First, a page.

Romanization of Wu Chinese


Wu Chinese Wu (Chinese character: , , Mandarin: ) is a group of linguistically similar and historically related Sinitic languages spoken primarily in Shanghai Shanghai (, , Standard Chinese, Standard Mandarin pronunciation: ) is one of the four ...
has three major schools of romanization. The most popular school, Common Wu Pinyin (), was developed by amateur language clubs and local learners. There are two competing schemes; both adhere to the
International Phonetic Alphabet The International Phonetic Alphabet (IPA) is an alphabet An alphabet is a standardized set of basic written symbols A symbol is a mark, sign, or word In linguistics, a word of a spoken language can be defined as the smallest s ...
(IPA) and are very similar to each other. The initial scheme was "Wu Chinese Society pinyin" (, developed around 2005) and it formed the basis of "Wugniu pinyin" (, around 2016). Either of them is the default romanization scheme in most learning materials. The second school is the Latin Phonetic Method (, French-Wu or ''Fawu'' []). Its use is in decline. It utilizes the similarities between French and Wu phonetics and thus adheres to both IPA and French orthography. It was developed in 2003 by a Shanghai-born surgeon based in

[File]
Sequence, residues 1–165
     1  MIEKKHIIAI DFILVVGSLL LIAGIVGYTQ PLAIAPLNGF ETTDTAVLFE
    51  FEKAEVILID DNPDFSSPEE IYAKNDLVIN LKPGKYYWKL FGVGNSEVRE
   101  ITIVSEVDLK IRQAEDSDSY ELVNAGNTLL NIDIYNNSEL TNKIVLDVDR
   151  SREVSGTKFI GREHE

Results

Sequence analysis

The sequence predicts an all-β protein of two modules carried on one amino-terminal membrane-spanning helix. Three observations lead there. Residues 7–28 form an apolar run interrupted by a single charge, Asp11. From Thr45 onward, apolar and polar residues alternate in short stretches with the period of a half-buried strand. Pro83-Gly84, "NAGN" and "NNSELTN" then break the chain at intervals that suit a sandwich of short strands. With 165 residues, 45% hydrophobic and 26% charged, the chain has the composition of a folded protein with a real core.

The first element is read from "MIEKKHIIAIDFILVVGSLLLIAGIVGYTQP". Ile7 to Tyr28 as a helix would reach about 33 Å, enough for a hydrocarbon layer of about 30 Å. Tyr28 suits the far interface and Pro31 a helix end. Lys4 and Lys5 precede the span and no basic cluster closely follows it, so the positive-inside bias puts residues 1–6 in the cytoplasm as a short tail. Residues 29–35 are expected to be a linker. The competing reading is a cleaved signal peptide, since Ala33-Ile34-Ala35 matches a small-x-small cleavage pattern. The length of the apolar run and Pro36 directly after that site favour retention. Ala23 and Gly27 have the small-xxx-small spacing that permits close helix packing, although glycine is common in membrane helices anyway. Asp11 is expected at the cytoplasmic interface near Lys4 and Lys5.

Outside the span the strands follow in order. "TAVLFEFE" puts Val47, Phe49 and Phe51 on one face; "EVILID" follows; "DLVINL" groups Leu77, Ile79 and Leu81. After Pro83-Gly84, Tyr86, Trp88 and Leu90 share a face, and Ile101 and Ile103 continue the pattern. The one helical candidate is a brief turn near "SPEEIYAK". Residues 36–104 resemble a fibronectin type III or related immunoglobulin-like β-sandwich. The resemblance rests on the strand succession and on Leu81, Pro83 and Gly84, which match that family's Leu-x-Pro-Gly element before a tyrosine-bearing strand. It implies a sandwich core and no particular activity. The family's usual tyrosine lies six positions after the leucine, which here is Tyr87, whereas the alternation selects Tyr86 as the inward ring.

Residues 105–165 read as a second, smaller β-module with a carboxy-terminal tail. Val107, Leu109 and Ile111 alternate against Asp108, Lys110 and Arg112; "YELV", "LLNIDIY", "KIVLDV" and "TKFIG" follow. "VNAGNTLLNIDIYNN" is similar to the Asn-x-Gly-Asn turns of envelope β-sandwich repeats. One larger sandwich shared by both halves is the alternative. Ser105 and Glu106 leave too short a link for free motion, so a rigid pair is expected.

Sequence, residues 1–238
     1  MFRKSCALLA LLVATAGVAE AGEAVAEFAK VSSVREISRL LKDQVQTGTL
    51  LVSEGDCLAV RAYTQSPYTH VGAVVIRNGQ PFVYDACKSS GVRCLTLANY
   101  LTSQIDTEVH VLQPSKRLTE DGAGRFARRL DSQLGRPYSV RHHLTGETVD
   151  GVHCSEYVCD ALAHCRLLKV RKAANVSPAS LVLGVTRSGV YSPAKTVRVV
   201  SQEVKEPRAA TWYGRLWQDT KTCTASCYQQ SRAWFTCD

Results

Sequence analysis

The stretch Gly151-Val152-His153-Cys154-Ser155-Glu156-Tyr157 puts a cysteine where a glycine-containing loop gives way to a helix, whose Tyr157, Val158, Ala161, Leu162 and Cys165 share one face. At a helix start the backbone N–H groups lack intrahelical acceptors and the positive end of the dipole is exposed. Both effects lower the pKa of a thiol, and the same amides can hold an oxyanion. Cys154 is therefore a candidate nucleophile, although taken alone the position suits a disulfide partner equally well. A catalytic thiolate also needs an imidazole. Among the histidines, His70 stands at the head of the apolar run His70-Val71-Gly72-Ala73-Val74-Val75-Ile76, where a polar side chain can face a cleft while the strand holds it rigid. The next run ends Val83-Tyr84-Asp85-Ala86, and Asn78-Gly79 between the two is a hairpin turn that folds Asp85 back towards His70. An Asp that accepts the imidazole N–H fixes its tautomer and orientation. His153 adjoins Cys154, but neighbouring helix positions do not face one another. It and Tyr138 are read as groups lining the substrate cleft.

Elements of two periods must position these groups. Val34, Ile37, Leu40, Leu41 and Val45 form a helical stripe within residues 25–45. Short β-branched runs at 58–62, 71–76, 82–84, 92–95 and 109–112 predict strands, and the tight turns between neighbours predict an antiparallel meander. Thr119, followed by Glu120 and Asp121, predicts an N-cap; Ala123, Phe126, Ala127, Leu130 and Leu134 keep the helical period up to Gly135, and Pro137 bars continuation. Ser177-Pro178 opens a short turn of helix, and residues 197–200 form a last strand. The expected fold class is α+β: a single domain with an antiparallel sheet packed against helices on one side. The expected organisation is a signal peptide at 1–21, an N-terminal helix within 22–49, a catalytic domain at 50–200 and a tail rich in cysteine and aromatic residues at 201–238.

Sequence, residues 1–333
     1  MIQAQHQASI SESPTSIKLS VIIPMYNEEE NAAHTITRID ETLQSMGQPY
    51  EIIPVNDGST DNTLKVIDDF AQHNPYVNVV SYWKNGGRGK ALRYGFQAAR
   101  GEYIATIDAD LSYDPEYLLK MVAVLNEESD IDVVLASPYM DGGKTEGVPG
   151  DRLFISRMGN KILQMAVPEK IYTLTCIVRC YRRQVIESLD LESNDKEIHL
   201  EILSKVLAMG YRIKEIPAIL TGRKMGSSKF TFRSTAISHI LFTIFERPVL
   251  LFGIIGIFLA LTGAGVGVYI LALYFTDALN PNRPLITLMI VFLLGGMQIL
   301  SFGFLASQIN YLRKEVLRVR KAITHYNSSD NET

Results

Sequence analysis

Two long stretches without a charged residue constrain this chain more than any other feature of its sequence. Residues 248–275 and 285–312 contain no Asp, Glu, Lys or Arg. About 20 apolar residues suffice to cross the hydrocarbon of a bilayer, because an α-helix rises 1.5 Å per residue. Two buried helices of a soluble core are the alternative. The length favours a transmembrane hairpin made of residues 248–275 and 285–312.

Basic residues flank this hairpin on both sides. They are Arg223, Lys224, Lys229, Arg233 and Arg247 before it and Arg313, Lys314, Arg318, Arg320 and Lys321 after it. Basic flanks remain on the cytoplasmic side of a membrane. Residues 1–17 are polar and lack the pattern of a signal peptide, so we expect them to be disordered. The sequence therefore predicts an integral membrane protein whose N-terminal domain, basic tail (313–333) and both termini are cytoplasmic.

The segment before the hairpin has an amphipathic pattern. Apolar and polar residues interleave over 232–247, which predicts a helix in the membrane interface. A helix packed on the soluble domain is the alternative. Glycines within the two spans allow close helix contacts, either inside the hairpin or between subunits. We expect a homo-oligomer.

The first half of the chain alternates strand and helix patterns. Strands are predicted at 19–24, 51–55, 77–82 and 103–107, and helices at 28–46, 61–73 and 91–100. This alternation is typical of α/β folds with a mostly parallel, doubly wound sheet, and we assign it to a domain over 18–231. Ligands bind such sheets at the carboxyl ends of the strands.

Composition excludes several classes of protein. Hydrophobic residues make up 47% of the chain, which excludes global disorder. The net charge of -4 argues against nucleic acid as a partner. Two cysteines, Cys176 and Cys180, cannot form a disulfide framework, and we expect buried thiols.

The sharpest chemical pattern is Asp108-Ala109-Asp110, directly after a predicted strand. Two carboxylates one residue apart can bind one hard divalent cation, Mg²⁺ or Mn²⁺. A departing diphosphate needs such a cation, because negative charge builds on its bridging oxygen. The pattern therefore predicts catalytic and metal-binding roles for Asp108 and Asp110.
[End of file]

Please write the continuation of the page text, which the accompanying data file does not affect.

Lyon, France Lyon or Lyons (, , ; frp, Liyon, ) is the third-largest city and second-largest urban area of France. It is located at the confluence of the rivers Rhône The Rhône ( , ; german: Rhone ; wae, Rotten ; it, Rodano ; frp, Rôno ; oc, ...
. The final, and least used school, adheres to Mandarin-Putonghua pinyin as sanctioned by the
State CouncilState Council may refer to: Government * State Council of the Republic of Korea, the national cabinet of South Korea, headed by the President of South Korea, President * State Council of the People's Republic of China, the national cabinet and ch ...
. It is the only school developed by professional linguists, mostly working in state-administered universities. While more than 20 competing schemes within this school have been published since the 1980s, the most notable one is the Shanghainese Pinyin (, often shortened to Qian's Pin , developed by Qian Nairong in 2006.

Comparison chart


All examples are given in Shanghainese



Wu Chinese {{China-stub